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13 May 2021

#Review - Lycanthropy and Other Chronic Illnesses by Kristen O'Neal

Lycanthropy and Other Chronic Illnesses
Kristen O'Neill
Quirk Books, 27 April 2021
Available as: HB, 384pp, e
Read as: ARC
ISBN(HB): 9781683692348
More info: On the Quirk website 

I'm grateful to Jamie and Stephen at Black Crow PR for an advance copy of this book.

Priya has worked hard to get into the pre-med course at Stanford, but it looks as though all her dreams will turn to dust. Infected by Lyme disease, she's forced to return home as she struggles to cope with chronic symptoms which make the simplest tasks into major challenges. While her parents are loving and sympathetic, and her younger brother and sister put yup with her, she doesn't want sympathy, she wants her life back.

The only thing that makes things tolerable is the online support forum she joins ("off ouch my bones") and in particular, Brigid ("bigforkhands") who shares about the monthly affliction from which she suffers. Then one night Brigid stops answering the chats...

This is a warm, life affirming book in which Kristen O'Neal brings together (virtually, of course - they're spread round the globe) a disparate but welcoming group of mostly young (one is 26, is that young any more?) people. Their chats are rendered visually, creating a fast moving story that allows each to explain their challenges, share their high moments and receive support in their low points.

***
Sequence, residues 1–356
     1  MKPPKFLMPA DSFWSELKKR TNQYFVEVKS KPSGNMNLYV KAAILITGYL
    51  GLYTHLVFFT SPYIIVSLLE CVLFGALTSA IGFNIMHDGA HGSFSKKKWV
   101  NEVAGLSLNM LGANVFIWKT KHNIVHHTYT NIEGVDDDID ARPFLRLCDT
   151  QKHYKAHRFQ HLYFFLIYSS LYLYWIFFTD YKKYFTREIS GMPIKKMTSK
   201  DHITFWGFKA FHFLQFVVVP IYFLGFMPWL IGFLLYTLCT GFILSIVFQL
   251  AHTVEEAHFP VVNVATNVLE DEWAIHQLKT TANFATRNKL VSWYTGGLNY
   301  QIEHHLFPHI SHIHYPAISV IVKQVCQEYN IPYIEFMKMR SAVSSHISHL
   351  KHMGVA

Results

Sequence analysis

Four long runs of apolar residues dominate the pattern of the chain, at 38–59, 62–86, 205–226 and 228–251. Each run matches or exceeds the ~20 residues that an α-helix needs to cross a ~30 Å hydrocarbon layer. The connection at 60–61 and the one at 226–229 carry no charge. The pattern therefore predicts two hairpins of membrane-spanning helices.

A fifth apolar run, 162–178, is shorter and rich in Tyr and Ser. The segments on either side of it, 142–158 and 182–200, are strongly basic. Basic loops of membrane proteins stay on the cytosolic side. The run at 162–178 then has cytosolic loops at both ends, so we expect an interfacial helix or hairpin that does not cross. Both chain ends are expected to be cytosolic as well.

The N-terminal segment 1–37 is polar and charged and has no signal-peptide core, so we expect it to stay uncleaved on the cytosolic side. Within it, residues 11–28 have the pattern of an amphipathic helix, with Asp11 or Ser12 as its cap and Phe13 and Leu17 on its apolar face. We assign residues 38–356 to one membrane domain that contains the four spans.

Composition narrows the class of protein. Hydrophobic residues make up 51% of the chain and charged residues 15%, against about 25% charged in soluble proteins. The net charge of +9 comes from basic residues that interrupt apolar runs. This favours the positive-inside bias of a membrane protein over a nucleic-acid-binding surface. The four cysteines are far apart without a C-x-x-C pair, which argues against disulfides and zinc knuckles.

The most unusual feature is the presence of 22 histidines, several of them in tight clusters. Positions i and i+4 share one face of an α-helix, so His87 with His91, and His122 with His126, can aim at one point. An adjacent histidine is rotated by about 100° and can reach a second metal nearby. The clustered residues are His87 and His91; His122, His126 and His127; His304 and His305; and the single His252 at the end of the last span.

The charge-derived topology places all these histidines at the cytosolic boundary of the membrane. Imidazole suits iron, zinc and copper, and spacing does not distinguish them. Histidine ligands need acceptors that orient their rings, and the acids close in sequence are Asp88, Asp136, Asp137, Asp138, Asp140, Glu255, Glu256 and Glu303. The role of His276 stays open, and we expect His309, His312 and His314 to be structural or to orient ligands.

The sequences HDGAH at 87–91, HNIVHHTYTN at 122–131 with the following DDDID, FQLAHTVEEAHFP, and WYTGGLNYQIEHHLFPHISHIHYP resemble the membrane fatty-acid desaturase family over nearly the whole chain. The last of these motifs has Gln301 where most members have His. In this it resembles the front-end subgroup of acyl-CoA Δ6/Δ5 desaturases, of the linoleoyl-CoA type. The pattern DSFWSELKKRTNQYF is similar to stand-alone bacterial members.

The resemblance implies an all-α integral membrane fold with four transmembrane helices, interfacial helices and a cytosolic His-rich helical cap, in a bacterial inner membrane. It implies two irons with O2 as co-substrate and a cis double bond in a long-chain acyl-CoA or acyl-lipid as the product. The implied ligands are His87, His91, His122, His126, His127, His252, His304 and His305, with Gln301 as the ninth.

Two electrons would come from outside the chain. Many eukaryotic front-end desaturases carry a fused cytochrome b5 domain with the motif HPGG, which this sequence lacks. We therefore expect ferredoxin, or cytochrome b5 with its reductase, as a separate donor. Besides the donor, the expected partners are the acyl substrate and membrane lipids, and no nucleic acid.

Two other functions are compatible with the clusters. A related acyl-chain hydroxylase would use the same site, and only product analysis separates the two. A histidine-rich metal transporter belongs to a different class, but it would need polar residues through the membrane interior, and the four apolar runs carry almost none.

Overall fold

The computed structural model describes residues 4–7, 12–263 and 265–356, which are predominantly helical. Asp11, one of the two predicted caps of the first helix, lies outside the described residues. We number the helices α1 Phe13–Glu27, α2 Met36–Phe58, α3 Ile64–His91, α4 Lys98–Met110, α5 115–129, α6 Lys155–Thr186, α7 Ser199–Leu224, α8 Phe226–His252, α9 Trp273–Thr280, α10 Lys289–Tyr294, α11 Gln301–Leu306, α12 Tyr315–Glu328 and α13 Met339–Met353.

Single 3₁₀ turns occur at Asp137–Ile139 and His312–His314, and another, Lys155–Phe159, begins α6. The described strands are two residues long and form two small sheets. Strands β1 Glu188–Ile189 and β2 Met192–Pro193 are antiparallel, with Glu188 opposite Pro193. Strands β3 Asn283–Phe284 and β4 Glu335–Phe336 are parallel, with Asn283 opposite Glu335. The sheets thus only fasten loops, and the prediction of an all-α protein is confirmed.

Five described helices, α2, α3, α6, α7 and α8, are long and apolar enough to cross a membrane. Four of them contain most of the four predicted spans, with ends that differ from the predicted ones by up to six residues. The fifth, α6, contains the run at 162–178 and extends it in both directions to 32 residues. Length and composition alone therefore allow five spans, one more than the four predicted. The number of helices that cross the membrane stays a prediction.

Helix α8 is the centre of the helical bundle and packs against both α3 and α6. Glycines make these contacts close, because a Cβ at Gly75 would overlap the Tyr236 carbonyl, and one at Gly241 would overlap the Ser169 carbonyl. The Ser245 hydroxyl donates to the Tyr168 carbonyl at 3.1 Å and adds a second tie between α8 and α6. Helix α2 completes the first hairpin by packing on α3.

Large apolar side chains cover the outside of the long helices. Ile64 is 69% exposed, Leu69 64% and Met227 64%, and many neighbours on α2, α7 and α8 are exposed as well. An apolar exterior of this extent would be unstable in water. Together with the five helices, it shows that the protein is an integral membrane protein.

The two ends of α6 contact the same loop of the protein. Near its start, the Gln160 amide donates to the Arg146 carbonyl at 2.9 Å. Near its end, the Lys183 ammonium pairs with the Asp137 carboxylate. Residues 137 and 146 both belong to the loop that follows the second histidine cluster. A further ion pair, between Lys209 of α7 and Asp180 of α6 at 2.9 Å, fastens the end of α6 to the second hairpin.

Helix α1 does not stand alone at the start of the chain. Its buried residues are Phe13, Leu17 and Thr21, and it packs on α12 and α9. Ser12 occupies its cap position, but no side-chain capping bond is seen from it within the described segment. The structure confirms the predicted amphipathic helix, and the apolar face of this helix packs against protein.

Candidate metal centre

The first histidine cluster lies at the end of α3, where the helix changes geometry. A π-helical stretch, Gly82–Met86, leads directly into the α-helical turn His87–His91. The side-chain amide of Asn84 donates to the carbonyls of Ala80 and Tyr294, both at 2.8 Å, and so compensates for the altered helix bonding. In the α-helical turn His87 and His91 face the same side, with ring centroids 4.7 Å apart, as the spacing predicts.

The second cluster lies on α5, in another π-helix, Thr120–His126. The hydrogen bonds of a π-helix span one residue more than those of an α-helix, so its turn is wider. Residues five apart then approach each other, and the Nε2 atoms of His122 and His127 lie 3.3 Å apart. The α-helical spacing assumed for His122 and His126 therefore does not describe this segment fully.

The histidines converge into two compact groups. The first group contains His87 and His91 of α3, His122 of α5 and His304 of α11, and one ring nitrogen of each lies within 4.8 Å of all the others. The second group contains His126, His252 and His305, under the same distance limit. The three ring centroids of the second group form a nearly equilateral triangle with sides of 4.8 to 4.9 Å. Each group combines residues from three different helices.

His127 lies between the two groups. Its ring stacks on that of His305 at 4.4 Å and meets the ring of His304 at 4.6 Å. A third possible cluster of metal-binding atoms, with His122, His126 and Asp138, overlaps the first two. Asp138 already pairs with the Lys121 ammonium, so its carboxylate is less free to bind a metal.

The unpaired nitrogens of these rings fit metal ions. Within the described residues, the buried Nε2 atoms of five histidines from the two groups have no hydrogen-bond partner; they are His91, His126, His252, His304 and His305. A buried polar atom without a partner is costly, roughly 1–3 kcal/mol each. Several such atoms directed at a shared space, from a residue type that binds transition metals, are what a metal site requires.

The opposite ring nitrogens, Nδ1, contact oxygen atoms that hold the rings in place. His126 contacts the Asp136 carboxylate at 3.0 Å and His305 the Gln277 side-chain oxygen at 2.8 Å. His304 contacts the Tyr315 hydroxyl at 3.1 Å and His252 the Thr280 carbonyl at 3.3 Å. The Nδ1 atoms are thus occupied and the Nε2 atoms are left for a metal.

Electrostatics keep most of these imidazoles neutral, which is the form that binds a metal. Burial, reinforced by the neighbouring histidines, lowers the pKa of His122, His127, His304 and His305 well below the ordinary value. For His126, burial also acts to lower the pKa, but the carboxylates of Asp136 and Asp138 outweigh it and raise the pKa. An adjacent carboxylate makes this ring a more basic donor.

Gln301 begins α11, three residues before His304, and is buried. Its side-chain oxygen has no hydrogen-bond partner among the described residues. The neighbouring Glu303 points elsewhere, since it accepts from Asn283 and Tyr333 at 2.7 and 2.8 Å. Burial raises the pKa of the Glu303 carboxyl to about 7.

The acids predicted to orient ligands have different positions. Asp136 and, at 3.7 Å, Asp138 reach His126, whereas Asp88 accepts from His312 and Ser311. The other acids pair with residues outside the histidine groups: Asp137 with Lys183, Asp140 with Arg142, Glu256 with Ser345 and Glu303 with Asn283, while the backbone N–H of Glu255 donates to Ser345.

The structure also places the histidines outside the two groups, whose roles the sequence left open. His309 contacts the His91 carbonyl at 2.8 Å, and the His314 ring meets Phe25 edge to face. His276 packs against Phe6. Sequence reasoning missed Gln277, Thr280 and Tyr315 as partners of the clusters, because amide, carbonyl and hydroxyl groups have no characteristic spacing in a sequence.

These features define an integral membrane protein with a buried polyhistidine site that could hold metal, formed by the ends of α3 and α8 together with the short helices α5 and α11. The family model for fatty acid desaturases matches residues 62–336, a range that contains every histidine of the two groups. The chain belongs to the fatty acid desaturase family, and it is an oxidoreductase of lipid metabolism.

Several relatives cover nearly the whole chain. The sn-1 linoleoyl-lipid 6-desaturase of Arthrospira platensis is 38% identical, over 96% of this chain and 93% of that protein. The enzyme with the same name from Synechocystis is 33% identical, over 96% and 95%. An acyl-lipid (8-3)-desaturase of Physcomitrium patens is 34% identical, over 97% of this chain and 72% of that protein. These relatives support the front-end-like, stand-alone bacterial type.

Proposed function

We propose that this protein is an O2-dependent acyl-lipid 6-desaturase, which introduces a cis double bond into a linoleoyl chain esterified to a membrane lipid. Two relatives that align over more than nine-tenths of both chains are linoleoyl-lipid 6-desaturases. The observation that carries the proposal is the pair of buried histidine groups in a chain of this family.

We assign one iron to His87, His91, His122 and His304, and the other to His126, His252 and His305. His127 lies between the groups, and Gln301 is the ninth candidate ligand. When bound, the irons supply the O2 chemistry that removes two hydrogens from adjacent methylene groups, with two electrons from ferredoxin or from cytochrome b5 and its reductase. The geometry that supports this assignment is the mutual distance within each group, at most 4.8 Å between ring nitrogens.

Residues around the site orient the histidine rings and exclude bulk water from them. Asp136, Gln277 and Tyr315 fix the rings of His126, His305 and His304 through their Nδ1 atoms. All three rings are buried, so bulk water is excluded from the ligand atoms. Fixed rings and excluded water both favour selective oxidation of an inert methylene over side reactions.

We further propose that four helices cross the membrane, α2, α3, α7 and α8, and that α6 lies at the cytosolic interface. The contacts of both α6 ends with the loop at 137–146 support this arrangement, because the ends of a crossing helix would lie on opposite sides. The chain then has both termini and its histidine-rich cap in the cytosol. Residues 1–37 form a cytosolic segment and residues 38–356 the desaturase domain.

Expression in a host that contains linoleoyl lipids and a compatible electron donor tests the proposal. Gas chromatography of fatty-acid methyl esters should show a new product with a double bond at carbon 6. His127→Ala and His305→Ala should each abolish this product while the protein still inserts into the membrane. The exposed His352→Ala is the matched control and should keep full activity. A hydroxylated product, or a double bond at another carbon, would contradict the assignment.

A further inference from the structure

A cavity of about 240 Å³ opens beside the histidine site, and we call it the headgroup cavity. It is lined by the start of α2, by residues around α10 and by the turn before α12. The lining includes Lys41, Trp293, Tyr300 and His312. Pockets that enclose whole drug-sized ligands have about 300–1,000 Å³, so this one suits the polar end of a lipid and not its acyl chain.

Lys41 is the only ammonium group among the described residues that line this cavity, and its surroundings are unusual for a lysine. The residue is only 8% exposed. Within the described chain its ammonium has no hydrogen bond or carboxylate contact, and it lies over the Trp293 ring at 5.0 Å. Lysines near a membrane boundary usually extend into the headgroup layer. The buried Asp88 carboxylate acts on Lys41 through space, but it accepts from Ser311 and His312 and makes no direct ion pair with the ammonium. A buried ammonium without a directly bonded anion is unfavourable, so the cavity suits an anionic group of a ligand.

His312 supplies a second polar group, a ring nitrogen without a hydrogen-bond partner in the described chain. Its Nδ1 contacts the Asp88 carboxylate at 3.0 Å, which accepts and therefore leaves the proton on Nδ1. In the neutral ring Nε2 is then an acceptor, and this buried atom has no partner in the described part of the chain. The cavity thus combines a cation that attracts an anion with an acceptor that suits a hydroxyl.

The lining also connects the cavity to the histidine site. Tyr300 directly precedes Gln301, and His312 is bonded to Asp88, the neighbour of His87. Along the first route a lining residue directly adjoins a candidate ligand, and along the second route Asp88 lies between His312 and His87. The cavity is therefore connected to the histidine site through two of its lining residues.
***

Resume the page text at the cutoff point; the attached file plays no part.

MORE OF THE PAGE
But you can only do so much online and when Brigid enters her crisis, Priya decides rot test just what she can do, pinches her mum's car, and heads over to help out...

There are then two main threads of story. the evolving relationship between the two young women which is great to follow. Their experiences have left both of them vulnerable and simply "having been in a bad place" isn't, it really isn't, enough for them to get everything about each other. "I understand", one may say, to someone else, but can you, can you really? O'Neal's too wise to simply say "these two people help each other and everything is fine from then on". It isn't. it can't be. But you do sense that they are trying.

The other thread - and the two cross of course - is the Thing that is Brigid's problem. What can I say here? I don't want to spoil anyone, but the book's title... and that cover... may be pretty big clues. Let's just say, Brigid has problems with a part of herself that she doesn't welcome. That's also true for the other members of the group, of course, but there are... aspects... of Brigid's situation that mark her as different. Dangers that her situation poses, to others. And risks she runs, if the truth becomes known. So the story follows a roller coaster of peril, rescue and risk, comedic at times (once Spencer comes on the scene, he, Brigid and Priya make a fun triple act), scary at others and always, always, providing a thoughtful commentary on difference, acceptance and growth.

It's often not easy. There are some furious flare-ups and some hard truths to face.

But it's, in the best sense, a story of change and discovery.

Overall a really fun book, one with real heart. I'd recommend. (In a time when many are enduring and coping with the still poorly understood long covid, I think a bit of representation of those living with chronic illness may be rather timely).

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